The heart of each data center, where the servers are located, has even more security, including biometrics, and can be accessed by only a very select few of Google’s personnel. According to Google, it’s so secure that only one percent of their staff has ever entered any of their data centers.

The most important resource that these data centers need is power. Care is taken to ensure everything has multiple redundant power sources, and Google chooses to use renewable power sources such as wind and solar where possible. Greenpeace had this to say about an announcement by Google to purchase 48 megawatts of clean, renewable wind power for its data center in Oklahoma, USA. “Google’s announcement shows what the most forward-thinking, successful companies can accomplish when they are serious about powering their operations with clean energy”. When Greenpeace who’s goal statement is to ensure the ability of the earth to nurture life in all its diversity has good things to say about a company I take that seriously.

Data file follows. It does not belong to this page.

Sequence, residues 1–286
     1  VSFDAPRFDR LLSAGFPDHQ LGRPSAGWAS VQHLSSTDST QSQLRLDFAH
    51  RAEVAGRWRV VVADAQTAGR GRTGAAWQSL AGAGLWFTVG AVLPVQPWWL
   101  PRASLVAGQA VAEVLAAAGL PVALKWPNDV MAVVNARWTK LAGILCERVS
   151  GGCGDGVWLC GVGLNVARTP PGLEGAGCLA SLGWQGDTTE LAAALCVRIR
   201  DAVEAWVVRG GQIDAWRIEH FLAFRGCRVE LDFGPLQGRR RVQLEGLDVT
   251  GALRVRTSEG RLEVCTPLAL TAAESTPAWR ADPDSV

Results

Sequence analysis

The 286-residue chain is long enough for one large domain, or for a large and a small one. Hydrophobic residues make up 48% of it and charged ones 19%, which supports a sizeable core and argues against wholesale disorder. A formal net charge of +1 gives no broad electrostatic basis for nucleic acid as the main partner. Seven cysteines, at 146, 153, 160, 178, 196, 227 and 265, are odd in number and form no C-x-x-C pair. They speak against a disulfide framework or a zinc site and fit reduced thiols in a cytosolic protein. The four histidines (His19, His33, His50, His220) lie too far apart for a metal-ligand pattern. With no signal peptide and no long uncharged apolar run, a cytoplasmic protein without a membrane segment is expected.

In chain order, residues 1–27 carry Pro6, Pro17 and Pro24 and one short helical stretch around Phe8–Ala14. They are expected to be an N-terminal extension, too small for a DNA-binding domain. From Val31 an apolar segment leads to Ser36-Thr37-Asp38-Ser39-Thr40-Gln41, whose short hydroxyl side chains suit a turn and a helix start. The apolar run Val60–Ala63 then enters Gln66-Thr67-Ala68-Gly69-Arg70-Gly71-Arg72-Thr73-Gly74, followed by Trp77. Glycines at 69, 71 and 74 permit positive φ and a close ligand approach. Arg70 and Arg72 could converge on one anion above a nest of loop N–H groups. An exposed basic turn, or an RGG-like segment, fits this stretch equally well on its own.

Google has stated that over 35 percent of their operations are powered by renewable energy, and they are heavily investing in it more to ensure that the number only rises.

Inside each data center sits millions of custom-built servers. The server hardware that runs in these data centers is designed and built by Google. It’s designed to be simple, secure, and quick to replace. Google aims to never create a single point of failure within their infrastructure, so if one server, or even a whole rack of servers, fails suddenly, it will not affect operations in any way. And even if a whole data center should fail, it would still not have a major impact on Google’s infrastructure. Their software is designed to route around failures by maintaining multiple copies of everything and being able to switch over in seconds.